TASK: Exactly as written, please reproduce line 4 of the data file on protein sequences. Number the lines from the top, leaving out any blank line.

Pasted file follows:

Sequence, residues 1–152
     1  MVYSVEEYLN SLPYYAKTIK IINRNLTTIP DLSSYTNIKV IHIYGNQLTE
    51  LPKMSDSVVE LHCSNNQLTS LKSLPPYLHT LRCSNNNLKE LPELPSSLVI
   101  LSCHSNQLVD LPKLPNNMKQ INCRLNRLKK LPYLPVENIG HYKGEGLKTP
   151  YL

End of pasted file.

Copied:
   101  LSCHSNQLVD LPKLPNNMKQ INCRLNRLKK LPYLPVENIG HYKGEGLKTP